Russia-made medium transporter aircraft AN-32–the mainstay workhorse of the Indian Air Force (IAF)–will no longer ferry personnel, or civilians, the Indian Air Force has told the Ministry of Defence. It has also recommended that the entire fleet of AN-32s to be replaced as soon as possible.
This follows a Court of Inquiry into the crash of an AN-32 aircraft on July 22 this year off the coast of Chennai. The aircraft crashed into the sea during a routine sortie to Port Blair with 29 people on board. The wreckage of the aircraft hasn’t been found. Everyone onboard the ill-fated aircraft are now “presumed dead”.
The findings of the Court of Inquiry—recently accepted by the Indian Air Force—says the crash was caused due to a phenomena called “icing”, where “super cool water droplets come in contact of the aircraft and freeze, distorting the airframe, causing it to stall,” a senior official familiar with the findings of the Court of Inquiry told HuffPost India. The official asked not to be named.
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The decision has major implications for India’s armed forces and beyond.
The IAF has eight squadrons of the AN-32. An Indian Air Force squadron typically comprises of 16-18 aircraft. The IAF has 33 squadrons of fighter aircraft and 12 squadrons of transport aircraft. The AN 32s were inducted into the IAF between 1984 and 1991.
AN-32 is a versatile transporter pressed into frequent service to carry men and equipment of India’s armed forces. They play a major role in connecting far-flung areas, emergency preparedness and disaster relief. If the IAF stops transporting personnel on AN-32s, it will mean sensitive operations will have to use private chartered planes or commercial flights. IAF has one squadron each of Boeing C17 Globemaster and Lockheed C130J. These are very large aircraft unsuited to carry smaller loads. It also has two squadrons of Russia-made IL 76 and six planes of IL 78. These are also heavy-lift transporters that can’t play the vital role of AN 32s.
Modern aircrafts have automated anti-icing systems, whereas in an AN-32, it is manual. The Court of Inquiry has established the pilot tried to avoid bad weather and had even deviated from course. “This indicates pilot awareness,” the official said. But why the pilot couldn’t take anti-icing measures is not very clear.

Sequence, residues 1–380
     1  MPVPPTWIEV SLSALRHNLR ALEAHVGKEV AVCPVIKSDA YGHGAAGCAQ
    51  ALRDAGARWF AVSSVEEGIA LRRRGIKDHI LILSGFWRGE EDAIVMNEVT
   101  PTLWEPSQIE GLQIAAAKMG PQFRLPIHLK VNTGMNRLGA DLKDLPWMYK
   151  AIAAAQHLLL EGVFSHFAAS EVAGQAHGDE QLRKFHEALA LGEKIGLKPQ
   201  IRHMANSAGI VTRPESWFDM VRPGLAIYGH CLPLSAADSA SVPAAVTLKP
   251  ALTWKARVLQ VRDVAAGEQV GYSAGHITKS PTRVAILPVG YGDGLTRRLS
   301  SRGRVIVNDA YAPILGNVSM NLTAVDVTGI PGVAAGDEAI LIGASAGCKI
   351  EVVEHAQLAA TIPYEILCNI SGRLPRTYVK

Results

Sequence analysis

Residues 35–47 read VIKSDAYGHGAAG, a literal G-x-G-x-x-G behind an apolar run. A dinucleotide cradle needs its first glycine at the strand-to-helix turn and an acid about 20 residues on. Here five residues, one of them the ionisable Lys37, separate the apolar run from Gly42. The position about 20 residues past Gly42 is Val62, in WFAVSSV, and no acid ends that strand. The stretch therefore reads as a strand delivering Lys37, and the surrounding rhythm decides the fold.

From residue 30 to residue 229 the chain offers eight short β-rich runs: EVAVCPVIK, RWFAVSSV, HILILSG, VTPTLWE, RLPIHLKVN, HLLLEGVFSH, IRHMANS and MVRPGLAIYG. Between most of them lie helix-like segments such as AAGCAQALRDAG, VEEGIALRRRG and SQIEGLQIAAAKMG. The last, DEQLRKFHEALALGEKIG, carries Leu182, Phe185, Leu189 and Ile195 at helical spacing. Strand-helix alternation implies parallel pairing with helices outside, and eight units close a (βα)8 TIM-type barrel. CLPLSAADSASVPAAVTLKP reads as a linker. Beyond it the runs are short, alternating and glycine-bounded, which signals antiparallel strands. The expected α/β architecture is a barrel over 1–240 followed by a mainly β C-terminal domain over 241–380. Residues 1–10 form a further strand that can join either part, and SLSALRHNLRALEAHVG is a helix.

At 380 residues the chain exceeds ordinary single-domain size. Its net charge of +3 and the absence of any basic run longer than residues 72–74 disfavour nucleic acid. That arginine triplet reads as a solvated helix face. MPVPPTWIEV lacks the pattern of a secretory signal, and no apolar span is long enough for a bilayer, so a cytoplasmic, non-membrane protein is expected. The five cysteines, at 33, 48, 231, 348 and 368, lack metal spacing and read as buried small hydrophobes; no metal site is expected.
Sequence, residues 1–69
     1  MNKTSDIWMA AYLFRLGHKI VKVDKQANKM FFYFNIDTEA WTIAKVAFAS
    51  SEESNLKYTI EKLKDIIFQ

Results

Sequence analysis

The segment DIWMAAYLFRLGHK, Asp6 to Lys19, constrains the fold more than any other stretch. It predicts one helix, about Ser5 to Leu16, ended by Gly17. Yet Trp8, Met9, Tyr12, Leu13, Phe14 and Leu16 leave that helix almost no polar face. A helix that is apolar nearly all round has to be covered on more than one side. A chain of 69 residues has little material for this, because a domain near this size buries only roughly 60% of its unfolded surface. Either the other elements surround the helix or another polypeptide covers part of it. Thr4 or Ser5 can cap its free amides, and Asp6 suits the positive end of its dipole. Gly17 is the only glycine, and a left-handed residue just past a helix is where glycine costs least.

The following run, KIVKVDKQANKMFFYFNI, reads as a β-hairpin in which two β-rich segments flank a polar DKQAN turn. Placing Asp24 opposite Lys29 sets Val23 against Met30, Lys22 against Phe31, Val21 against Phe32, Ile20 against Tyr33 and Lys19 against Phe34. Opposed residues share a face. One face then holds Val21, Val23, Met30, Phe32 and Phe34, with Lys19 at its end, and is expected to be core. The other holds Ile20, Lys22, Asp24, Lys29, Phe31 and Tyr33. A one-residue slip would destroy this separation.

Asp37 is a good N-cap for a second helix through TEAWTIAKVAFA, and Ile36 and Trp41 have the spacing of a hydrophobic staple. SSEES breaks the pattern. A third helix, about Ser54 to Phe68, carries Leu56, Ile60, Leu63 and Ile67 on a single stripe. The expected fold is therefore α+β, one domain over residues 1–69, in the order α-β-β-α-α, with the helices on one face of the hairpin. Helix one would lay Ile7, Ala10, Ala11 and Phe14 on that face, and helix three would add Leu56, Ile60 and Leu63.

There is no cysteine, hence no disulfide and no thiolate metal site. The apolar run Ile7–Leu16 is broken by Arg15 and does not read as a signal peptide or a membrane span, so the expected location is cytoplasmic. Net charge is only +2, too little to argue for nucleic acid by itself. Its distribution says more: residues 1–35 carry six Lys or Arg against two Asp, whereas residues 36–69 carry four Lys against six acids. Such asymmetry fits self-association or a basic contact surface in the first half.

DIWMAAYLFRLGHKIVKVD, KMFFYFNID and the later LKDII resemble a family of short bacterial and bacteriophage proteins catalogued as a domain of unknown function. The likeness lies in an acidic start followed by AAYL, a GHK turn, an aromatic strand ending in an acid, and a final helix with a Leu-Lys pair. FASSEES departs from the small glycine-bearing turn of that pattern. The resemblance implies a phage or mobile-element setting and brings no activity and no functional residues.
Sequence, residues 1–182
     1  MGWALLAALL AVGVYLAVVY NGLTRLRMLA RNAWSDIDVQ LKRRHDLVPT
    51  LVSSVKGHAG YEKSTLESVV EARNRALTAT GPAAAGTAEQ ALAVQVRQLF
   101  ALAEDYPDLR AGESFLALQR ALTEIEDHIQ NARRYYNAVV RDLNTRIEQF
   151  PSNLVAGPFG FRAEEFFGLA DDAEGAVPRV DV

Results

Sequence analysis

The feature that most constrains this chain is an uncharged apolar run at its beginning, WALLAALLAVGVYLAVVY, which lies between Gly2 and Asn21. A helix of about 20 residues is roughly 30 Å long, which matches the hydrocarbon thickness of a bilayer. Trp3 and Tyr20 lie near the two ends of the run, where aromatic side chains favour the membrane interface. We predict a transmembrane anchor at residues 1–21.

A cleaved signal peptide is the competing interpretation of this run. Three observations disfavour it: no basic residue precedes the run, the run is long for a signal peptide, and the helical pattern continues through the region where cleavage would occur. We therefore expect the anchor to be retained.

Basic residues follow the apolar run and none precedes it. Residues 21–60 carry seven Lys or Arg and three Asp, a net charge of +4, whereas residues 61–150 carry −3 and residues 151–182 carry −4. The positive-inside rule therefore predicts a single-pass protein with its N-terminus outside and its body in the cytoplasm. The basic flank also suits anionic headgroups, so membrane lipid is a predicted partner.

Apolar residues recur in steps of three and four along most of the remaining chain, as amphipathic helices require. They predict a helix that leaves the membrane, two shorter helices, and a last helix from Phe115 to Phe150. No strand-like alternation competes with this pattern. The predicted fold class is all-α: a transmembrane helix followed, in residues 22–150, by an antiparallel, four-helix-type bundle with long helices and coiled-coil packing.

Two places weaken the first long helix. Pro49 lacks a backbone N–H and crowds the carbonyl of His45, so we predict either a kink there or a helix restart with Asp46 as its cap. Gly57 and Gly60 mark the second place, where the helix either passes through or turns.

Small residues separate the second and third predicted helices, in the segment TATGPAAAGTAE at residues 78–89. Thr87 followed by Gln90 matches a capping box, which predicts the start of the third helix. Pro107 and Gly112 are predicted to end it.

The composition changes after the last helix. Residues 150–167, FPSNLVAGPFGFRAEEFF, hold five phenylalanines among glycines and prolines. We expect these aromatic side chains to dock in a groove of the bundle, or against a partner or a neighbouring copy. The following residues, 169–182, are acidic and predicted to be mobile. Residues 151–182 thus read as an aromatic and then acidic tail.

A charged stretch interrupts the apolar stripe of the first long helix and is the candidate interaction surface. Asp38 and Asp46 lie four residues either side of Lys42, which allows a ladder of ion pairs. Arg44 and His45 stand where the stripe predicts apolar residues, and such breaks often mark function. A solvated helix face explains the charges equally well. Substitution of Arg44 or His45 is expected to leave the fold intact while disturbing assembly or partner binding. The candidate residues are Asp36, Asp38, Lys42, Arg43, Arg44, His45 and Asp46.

In India, icing is typically witnessed between altitudes of 22,000 and 24,000 feet, where the temperatures range between 0 degrees Celsius and minus 15 degrees Celsius.
“Recovery was possible had the pilot climbed higher—above 25,000ft. But these aircraft are old and to climb higher, the pilot would have had to reduce weight. That would mean dumping the load over the sea which was not possible in this case,” the official said. The ill-fated transporter was carrying personnel.
This is why the IAF has now told the defence ministry that AN-32 will only carry load that can be dumped over sea in case of an emergency. This means no transporting personnel from now on.
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Besides, the IAF has also asked the Directorate General of Civil Aviation (DGCA) to investigate why the Chennai radar—used to guide civilian air traffic—failed to raise an alarm soon after the AN-32 disappeared. The IAF raised the alarm after the aircraft failed to reach Port Blair—nearly three hours after the aircraft took off. “Crucial minutes were lost. Had the alarm been raised immediately, a rescue and search operation could have been launched earlier,” the officer said.
The AN-32 aircrafts joined the IAF in 1984. Unable to replace them, the IAF opted for an upgrade in 2010. Of the total of 104 aircraft in service, about 65 have been upgraded—40 in Ukraine and Russia, and 25 in India. The AN-32 that crashed was an upgraded version.